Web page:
Dismantling Racism in Public Health: Reconsidering the Role of Evidence
August 2020

Audrey Loper, W. Oscar Fleming

In response to the deaths of Eric Garner and Michael Brown, García and Sharif (2015) wrote that “these preventable deaths were only two recent examples of the stark racial injustices that have plagued our country’s history.”[1] Sadly yet predictably, these words still ring true today. The authors go on to note that public health is fundamentally anti-racist work: Racism is a social determinant of health, and thus a public health issue.1 However, public health is a system, too, and therefore not immune to structural racism. 

In an effort to improve population health outcomes, public health has focused on the expanded use of evidence-based strategies. However, by framing academic evidence as superior to community-defined evidence, we may be perpetuating racism. As Kirkland (2019) notes, “it would be naïve to consider the use of research evidence as a neutral act.”8 Objectivity is not possible given the racism that it is embedded in all of our systems and structures.[2] In fact, given the extent to which racist ideologies were published and then validated by excluding minority voices, research evidence is itself a system of power.2,[3]  

The absence of minority voice and involvement contributes to a poor fit between some evidence-based strategies, on one hand, and a community’s needs and assets, on the other.[4],[5],[6],[7] For example, successful implementation of an evidence-based strategy may require resources and infrastructure (e.g., staffing) that are not available in the community. Furthermore, poor fit may exacerbate inequities in health outcomes, as communities will not engage in programs that do not appeal to them.  

In response to these challenges, we propose greater appreciation for and engagement with community-defined evidence. Drawing on the principles and practice of community-based participatory research[8] and equitable implementation[9],[10] we seek a renewed commitment and expanded effort to place the voices and experiences of People of Color and other marginalized groups on equal footing with researchers and program developers, who are often White and in positions of power.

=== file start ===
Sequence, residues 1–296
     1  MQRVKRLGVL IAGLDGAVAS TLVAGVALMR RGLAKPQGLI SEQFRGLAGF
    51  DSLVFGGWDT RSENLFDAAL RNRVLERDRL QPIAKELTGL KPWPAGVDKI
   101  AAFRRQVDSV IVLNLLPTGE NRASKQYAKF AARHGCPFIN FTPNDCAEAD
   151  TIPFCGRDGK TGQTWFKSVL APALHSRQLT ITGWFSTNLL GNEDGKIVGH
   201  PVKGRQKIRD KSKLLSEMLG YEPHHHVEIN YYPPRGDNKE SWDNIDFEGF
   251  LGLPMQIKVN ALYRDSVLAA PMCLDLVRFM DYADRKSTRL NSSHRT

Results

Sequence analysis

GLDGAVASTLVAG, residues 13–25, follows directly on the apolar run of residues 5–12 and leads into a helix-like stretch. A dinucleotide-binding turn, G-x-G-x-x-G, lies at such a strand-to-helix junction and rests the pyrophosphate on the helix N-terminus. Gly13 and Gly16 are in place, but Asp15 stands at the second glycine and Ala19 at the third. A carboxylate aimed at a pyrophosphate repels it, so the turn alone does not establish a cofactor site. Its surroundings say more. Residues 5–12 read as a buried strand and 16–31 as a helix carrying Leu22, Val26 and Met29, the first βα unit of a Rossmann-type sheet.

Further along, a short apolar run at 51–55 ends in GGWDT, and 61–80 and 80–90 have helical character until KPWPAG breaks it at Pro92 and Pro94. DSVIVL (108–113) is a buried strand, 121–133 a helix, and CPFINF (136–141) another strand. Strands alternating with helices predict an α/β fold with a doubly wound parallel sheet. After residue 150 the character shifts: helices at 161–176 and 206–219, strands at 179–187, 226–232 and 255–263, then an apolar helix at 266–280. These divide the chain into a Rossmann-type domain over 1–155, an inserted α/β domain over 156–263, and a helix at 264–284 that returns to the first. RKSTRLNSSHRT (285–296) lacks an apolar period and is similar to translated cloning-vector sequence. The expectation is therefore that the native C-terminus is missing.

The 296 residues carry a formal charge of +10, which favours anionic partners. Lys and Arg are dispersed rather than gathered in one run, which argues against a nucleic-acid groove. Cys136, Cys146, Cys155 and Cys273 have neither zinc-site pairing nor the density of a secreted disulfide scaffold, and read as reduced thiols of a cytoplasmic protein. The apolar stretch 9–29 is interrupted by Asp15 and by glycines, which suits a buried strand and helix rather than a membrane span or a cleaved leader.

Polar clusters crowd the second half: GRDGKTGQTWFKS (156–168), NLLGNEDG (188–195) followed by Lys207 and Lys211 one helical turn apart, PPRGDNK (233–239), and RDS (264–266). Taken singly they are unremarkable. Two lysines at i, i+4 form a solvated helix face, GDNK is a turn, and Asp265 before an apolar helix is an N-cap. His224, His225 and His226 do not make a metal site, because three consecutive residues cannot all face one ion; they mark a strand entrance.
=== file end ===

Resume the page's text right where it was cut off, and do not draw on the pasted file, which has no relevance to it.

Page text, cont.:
MCH professionals and programs can play a central role in strengthening the community’s capacity to identify, evaluate and deliver existing, culturally relevant programs. Regular needs assessment and planning processes, such as the annual Title V block grant process, can be an effective vehicle for this work. However, these processes must be inclusive, welcoming and safe for all. In addition, they must integrate tools that foster critical thinking and input from all participants. The National Implementation Research Network’s (NIRN) Hexagon Tool[11] can be used by communities to have deliberate conversations about existing needs and assets and the extent to which programs or practices fit with their context. The Hexagon is currently undergoing revisions with the support of JustPartners, Inc. to include considerations of race equity, particularly around the value of practice-based and community-defined evidence. In factoring the evidence of a program’s effectiveness, practice-based and community-defined evidence are lifted up as valuable data for making decisions about whether or not to move forward with implementation.